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Sunday, November 10, 2013

China, the Dollar and Sovereign Debt

Quite a few observers are suggesting that China could/will bring the U.S. down by suddenly dumping its dollar-denominated Treasuries and Bonds, thereby creating a mass exodus from the delicately-perched $US, dramatically raising bond yields and thereby interest rates in general, resulting in a global economic crash and a “reset” in currency values and a realignment of world powers. As the second largest holder of $U.S. sovereign debt (the Federal Reserve has now moved into the #1 position), it is certainly plausible for the Chinese to do this. But in my view this scenario, at least as a deliberate action, as opposed to a reaction to some other external trigger, is extremely unlikely. Why would the Chinese rock the boat unless the perceived benefits outweighed the associated costs (such as loss of the remaining value of their $U.S. denominated paper assets, crippling of their export-oriented manufacturing base, etc.)?

However, our financial system is increasingly perched atop an unstable ledge. Interest rates are held artificially low by constant central bank backstopping of sovereign debt in an attempt to keep the economy (and banks!) from collapsing. Remember, bond yields are inversely related to bond prices! The U.S. Federal Reserve, for example is pumping at least $85 Billion a month into Treasuries, bonds and other debt instruments. The resulting super-low-interest rate environment has created a mad scramble for investments that have a higher rate of return than the 1% or 2% available from traditional “safe” investment vehicles. Middle class savers can either join this scramble into increasingly higher-risk ventures or be savaged by returns lower than inflation. Those funding their own retirements are finding that even $2 Million savings earns a paltry $40,000 in annual interest. Meanwhile, stock markets have surged to record highs and sovereign debt yields, even for Italy and Spain, have declined. All this is taking place while outstanding sovereign debt continues to accumulate. The chart below shows the deteriorating European debt situation.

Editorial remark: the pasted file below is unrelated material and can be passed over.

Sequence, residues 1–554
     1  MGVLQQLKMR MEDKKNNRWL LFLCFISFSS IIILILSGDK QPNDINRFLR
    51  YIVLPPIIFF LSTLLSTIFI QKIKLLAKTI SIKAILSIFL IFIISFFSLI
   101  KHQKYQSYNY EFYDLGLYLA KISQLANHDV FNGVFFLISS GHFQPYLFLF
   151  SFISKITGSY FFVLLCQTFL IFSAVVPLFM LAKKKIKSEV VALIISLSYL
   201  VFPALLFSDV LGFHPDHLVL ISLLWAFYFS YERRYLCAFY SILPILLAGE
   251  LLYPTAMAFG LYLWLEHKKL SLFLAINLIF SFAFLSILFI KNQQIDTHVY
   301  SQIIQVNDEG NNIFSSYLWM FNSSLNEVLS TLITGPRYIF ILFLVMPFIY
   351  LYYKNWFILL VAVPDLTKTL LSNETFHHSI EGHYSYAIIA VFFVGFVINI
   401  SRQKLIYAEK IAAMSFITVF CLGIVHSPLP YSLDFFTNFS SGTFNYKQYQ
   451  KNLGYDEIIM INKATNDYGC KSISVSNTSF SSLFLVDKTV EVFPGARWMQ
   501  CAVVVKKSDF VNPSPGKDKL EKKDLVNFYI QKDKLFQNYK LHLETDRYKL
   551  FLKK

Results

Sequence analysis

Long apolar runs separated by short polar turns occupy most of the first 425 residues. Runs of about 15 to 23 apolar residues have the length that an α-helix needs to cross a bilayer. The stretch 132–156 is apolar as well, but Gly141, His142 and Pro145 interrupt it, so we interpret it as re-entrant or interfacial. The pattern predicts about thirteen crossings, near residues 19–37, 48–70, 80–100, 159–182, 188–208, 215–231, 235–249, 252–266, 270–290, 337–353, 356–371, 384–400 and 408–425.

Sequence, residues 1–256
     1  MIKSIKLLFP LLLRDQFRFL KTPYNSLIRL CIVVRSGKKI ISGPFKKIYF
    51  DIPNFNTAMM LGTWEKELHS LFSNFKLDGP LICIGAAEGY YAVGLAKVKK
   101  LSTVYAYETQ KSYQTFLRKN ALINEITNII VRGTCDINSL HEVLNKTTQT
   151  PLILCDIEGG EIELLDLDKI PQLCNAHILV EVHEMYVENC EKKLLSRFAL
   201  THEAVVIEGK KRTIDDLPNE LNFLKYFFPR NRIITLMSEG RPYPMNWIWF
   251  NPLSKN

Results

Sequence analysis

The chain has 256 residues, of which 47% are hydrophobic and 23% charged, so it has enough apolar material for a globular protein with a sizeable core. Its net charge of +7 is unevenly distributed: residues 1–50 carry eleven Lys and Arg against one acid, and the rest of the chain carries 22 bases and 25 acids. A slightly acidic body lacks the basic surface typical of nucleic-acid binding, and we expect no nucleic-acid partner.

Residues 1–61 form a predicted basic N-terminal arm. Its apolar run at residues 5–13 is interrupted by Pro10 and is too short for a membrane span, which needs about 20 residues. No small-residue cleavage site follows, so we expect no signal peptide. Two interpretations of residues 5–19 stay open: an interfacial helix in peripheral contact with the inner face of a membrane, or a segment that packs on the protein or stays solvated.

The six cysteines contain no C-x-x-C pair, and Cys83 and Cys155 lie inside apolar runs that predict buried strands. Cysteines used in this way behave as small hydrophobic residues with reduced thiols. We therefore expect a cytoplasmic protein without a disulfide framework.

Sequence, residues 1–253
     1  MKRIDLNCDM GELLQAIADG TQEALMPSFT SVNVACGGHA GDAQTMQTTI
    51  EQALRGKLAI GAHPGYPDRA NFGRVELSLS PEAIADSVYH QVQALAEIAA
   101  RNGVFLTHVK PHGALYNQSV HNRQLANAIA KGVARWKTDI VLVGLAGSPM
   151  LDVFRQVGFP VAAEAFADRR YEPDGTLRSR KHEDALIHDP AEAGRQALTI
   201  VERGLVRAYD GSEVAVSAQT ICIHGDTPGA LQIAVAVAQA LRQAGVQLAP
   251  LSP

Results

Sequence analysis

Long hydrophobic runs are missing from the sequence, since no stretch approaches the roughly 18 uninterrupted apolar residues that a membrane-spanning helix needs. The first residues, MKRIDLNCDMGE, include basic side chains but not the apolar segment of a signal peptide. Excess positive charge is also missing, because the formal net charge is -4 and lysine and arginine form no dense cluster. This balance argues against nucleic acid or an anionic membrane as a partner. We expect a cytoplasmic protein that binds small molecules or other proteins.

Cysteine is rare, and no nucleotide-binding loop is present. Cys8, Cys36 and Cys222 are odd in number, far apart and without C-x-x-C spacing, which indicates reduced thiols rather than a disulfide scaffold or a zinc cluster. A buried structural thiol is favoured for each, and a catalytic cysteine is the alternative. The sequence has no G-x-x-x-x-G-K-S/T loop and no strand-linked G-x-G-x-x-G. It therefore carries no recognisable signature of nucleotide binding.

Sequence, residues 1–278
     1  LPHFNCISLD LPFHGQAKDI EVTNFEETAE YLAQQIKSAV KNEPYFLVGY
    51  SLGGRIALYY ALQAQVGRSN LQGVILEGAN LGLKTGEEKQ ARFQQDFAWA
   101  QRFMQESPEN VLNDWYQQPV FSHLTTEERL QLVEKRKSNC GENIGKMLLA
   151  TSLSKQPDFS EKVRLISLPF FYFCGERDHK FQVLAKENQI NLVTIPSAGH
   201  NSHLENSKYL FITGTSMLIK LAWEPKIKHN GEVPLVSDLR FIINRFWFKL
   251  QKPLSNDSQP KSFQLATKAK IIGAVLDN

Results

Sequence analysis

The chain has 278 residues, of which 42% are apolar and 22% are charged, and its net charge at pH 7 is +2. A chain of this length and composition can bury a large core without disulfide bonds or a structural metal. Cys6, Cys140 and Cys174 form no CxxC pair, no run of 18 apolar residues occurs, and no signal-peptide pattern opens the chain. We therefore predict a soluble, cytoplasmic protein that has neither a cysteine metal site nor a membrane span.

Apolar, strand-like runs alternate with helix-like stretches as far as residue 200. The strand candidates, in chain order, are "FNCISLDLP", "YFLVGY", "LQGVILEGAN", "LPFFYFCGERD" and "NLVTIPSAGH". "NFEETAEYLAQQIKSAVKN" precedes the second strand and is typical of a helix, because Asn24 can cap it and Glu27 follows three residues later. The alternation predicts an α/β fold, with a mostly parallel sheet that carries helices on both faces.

The divergence between the actual situation and the financial pricing of risk in bonds and securities is increasing. As recently as last week, S&P downgraded France's credit rating. Did this cause French bond yields to rise? Of course not. They are stuck at a nice 2.2%. In layman terms, everything is increasingly out of whack in the financial, investment and monetary world. Price discovery is dying. Manipulation of interest rates and other markets is forcing money where money shouldn't be and forcing risk to be mispriced by a large margin. New bubbles are forming.

The Chinese and most everyone else with big money on the table know this but are riding out the trend supported by ever-increasing central bank intervention variously labeled as stimulus, quantitative easing, monetary aggregate adjustment, etc. So the Chinese seem to be preparing for that day, whether they, the Chinese, or some other event triggers a run from sovereign debt and the affected currencies, say, the Euro, the British Pound, the Yen and the $US. They have been purchasing large amounts of gold and entering into increasing numbers of Renminbi/Yuan currency swaps with other nations in an apparent move to initiate the internationalization of their currency as a possible prelude to eventual reserve currency status for their currency. 

Perhaps a rapid transition in mind-set is not imminent but some unexpected trigger could cause a rush for the exits at any time. It's really a state of mind as well as a collective assessment of when the end of the rope is reached for central bank printing actions. Most folks know none of this is repayable, after all, and the wiser ones are warily eying the exit doors for signs of  mass exodus. I suspect that the Chinese are in that category. They have too much to lose to be the last ones out the door.